In high school, one of my teachers told us a pretty good analogy that still sticks with me to this day. Imagine two stadiums, one of which is filled with 20 people and one of which is filled with 500,000. Above each stadium appears a large dump truck full of money. Billions of dollars are poured into the stadium with 20 people, and all of them go to get some, ending up with more than enough for each of them to live a lavish life. Into the other stadium, about 1 million dollars are poured overall, and the 500,000 people scramble to get the money, each of them fighting over it and some of them ending up with none, while others end up having barely enough to get by.
While the math may not be solid on that analogy, it shows how few people often end up with the bulk of money, food, land, and other important resources that are essential for humans. As a society, we often talk about how overpopulation is a huge problem that needs to be solved. And while it would definitely help our planet to try and keep our population at a level it can sustain, it is not the biggest issue which needs to be addressed.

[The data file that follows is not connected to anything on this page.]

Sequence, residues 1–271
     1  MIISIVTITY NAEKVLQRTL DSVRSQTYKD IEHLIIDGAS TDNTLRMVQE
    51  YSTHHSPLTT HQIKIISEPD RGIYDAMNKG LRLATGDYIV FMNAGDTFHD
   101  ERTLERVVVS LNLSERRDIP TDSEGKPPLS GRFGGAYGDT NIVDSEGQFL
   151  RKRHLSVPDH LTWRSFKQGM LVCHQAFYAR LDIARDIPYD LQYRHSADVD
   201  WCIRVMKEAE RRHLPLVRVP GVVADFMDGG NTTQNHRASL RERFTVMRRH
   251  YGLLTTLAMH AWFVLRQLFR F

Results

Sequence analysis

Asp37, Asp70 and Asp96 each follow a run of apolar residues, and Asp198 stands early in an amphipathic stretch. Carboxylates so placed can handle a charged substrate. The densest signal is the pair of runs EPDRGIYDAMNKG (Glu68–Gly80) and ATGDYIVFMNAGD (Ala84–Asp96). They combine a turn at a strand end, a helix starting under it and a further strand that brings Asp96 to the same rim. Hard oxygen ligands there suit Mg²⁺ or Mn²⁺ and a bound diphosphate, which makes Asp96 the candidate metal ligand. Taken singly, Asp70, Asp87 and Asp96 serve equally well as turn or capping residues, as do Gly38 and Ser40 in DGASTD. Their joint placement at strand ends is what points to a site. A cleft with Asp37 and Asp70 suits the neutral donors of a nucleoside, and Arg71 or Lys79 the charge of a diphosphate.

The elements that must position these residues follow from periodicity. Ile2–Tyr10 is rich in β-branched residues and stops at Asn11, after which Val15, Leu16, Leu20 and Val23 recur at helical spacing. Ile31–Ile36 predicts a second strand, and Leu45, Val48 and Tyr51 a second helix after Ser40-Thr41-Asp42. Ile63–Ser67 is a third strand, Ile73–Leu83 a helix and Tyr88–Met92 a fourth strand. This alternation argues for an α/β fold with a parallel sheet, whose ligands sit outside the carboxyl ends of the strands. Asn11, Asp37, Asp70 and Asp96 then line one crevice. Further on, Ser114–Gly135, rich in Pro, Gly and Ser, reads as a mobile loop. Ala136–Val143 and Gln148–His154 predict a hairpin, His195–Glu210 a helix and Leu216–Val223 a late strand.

The richest 10% of people own almost 90% of the world's wealth. And it's the wealthiest people who are often putting the biggest strain on the environment, producing much more CO2 individually than someone who is low-income and living in a developing country.
Whenever we talk about climate change, we always talk about what each person can do individually, such as taking the bus, planting a tree in their backyard, or otherwise doing things to reduce their carbon footprint, like recycling. While all of these things are great, and we should continue to implement them in our daily lives, the biggest and most important change to the climate won't come until bigger, wealthier, and influential corporations and people make these changes too.